The Unintended Consequences of the Renewable Fuel Standard

The Unintended Consequences of the Renewable Fuel Standard
AP Photo/Nati Harnik, File

Can Washington expedite America’s usage of renewable fuel through legislation that mandates the transition from the status quo?

That is what Congress thought when it created the Renewable Fuel Standard (RFS) in 2005. It even doubled down by expanding and extending it two years later. But has their plan worked?

If you ask some of the legislators that pushed the plan, the answer is an emphatic no. Rep. Henry Waxman (D-Calif.), the former chairman of the House Energy and Commerce Committee, said “we made a mistake” and that “the law hasn’t worked out as we intended.” Even Al Gore, once one of ethanol-based fuel’s leading proponents, has soured on the idea, adding that “It’s hard once such a program is put in place to deal with the lobbies that keep it going.”

The intention of the Environmental Protection Agency (EPA) when designing the RFS was for consumers to bear the cost of subsidizing the blending of renewable fuel into the nation’s gasoline, while requiring oil refiners to meet the RFS’ ever-increasing annual Renewable Volume Obligation (RVO) – the total amount of biofuel required to be blended into the nation’s fuel supply by the law.

Refiners comply with their obligation by providing to the EPA a sum of government-issued credits they earn for each gallon of biofuel they blend (called Renewable Identification Numbers or RINs) that equals their respective portion of the RVO. Every refiner must either generate the RINs they need by blending their own fuel or by purchasing RINs in a secondary market, where other market participants sell their excess RINs.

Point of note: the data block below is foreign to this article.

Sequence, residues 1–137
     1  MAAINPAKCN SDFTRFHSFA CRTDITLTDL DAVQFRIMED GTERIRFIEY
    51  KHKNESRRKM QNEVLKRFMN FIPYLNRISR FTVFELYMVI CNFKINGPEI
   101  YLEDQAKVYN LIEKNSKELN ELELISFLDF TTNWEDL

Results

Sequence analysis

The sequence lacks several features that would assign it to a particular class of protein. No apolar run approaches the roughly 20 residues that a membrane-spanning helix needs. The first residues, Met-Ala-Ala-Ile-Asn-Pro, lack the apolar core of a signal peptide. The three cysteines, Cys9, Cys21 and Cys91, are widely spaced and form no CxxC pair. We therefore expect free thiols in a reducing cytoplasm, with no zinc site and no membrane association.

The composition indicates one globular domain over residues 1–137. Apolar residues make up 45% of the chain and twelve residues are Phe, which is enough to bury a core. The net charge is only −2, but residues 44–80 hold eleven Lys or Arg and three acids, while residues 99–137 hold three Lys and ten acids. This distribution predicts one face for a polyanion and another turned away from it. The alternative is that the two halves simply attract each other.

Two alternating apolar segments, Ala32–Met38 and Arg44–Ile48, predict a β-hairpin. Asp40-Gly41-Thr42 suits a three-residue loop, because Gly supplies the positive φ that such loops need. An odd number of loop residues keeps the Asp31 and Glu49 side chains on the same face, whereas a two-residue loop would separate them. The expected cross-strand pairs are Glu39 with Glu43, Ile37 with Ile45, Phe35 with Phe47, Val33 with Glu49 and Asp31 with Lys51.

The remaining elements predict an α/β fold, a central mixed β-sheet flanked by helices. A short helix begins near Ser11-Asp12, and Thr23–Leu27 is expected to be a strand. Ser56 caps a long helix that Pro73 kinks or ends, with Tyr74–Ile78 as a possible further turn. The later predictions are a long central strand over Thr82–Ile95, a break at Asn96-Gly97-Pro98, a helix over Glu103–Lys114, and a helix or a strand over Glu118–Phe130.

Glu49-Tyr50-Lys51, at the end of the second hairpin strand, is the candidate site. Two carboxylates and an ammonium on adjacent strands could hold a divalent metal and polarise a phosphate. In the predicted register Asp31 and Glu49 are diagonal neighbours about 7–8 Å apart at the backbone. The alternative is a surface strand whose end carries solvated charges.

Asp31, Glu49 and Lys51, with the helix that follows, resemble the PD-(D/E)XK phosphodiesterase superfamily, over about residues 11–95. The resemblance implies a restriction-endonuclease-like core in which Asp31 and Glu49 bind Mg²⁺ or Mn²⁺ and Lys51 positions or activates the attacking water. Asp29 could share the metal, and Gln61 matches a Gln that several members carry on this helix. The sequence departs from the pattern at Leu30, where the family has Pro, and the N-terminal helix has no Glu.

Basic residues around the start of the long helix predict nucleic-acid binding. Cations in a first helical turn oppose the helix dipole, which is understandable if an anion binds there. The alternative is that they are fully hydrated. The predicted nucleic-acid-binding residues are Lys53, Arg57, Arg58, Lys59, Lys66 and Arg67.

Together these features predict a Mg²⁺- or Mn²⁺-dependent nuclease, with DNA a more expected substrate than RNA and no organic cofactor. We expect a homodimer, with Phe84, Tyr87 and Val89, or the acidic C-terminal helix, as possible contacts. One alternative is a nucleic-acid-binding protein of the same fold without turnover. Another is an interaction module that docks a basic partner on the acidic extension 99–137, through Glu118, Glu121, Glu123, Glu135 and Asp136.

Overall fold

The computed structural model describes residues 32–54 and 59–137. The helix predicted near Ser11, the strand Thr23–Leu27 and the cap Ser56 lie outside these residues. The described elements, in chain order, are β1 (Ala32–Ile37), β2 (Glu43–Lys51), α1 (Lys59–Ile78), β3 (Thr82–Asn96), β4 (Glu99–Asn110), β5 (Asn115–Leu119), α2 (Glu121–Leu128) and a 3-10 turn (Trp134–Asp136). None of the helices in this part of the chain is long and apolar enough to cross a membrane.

In a perfect world, the blending obligations imposed on refiners by the RFS would ensure that renewable fuel is blended into the nations fuel supply at a rate sufficient to ensure that both the U.S. is less dependent on foreign oil and is a leader in moving towards a more sustainable energy policy.

In a perfect world, this process will not be distortionary for any party involved in the production and sale of gasoline, and the cost of the RIN obligation is passed onto the retail consumers who bear the brunt of subsidizing the production of biofuel (typically corn ethanol).

In the real world, which is decidedly less than perfect, the implementation of the RFS compliance regime has been woefully insufficient, and the economic evidence that consumers are bearing the cost of the biofuel subsidy is inconclusive at best.

Instead, as the amount of biofuel required to be blended by EPA begins to exceed the amount that can be feasibly blended and sold in gasoline, the price of compliance has skyrocketed.

What was intended to be a relatively low cost way to both subsidize the burgeoning biofuel market and monitor compliance with the RFS has become big business in its own right, and the secondary market in which RINs are bought and sold has seen prices climb quickly over the past several years.

As RIN prices have risen the ability of the fuel market to pass the cost of compliance onto the consumer has been curtailed, and the evidence suggests that a larger portion of this cost is being shifted back on to the refiners upon whom the burden of complying with the RFS mandate has been placed.

The rising cost of RIN compliance has resulted in a significant financial burden for refiners of all sizes, but particularly for small independent refiners who, unlike their larger integrated peers (e.g. Shell, Chevron, and ExxonMobil), cannot generate RINS via their own blending capacity and thus must buy their RINs in the open market.